In 1643 Pierre de Fermat described a factorization algorithm in a letter that works well for composite numbers that are the product of two "close" primes

Modulus N

Exponent e

N = p * q

p, q: secret prime numbers

N = p * q

N = (a+b)(a-b)

a: Middle between p, q

b: Distance of p, q to middle

N = (a+b)(a-b)

N = a^2 - b^2

b^2 = a^2 - N

*If* the difference between the two primes p, q is small then a is close to the square root of N

We can make guesses for a, starting with the rounded square root of N

b^2 = a^2 - N

If b^2 is a square then we found the right a (and can calculate b, and from that p, q)

Can we break real RSA keys with this?

This algorithm is widely known in the literature, but to my knowledge no attacks against production RSA keys have been described

I checked large sets of public RSA keys for vulnerable ones

155 self-signed TLS certificates in Internet-wide TLS scans

(Most with very similar common names, so likely same source)

Tracing back the IPs via Censys I could access some web interfaces and learned they were created by Fujifilm printers

Printers use Rambus Safezone cryptographic module

17 keys in publicly trusted TLS certificates in Certificate Transparency logs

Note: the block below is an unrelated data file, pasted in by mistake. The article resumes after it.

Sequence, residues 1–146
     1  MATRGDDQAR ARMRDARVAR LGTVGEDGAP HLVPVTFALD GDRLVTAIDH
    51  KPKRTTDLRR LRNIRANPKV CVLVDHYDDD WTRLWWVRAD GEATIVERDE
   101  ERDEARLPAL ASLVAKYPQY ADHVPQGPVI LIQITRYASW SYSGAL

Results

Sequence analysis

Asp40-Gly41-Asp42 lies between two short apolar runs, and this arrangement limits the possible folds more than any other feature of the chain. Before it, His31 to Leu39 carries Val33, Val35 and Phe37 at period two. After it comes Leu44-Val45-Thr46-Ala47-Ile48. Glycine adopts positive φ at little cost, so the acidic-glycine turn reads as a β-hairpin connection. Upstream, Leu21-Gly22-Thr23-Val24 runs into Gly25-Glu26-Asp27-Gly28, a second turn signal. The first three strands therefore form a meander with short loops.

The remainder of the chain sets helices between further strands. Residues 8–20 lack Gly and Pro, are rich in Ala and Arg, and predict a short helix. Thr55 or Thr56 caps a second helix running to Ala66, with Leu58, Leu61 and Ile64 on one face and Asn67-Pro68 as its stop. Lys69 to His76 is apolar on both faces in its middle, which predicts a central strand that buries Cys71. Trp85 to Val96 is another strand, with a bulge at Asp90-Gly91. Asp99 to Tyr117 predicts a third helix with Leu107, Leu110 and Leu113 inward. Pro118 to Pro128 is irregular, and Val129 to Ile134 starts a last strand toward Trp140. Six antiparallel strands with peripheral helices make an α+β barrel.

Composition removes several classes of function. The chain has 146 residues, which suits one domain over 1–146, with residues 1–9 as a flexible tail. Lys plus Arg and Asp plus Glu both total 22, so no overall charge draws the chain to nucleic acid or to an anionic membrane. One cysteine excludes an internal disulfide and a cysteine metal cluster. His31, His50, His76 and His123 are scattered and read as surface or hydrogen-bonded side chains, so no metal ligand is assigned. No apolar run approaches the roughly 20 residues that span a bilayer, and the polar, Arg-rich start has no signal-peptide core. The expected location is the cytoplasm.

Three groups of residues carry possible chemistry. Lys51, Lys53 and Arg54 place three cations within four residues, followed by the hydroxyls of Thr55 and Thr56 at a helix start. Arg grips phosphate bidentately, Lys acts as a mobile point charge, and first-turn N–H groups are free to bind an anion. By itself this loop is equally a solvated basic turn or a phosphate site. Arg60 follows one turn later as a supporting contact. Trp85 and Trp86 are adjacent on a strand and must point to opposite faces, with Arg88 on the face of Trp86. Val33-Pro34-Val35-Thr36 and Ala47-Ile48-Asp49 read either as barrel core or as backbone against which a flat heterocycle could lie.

I tried to contact all owners of the corresponding domain names, in two cases I learned they were created by Canon printers

Certificates, as far as they were still valid, were reported to the responsible certificate authorities and revoked

Some certificate authorities have implemented checks for this vulnerability to prevent new certificates from being issued

All vulnerabilities have been disclosed to the affected hardware and software vendors, all have published or plan to publish software updates

All vulnerable certificates where created in 2020 or later

(That's probably the reason noone has found this before)

No vulnerable SSH keys found

No vulnerable DNSSEC keys found

(But only small collection checked)

4 PGP keys found, but they all looked like test keys

How does this happen?

Idea 1: Neighboring primes

We can imagine a flawed RSA key generation algorithm like this:

- Create random number X
- Search for next prime after X and use it as p
- Search for next prime after p and use it as q

This would create p, q with a small difference (thousands or less) - factoring N is easy

Idea 2: Static bits

- Create two random primes, but with all the upper bits set to the same value

(seems less likely to happen by accident)

All TLS keys found were neighboring primes

What does "close" prime mean?

With a 2048 bit RSA key the primes are 1024 bit. With 100 rounds of Fermat factorization we can break primes with a difference up to 517 bit.

If roughly the upper half of the bits of the two primes are identical we can break it

Some RSA implementations create keys that can be broken with Fermat's factorization algorithm

However this is not a widespread flaw

It is worth looking for well-known flaws in large sets of cryptographic keys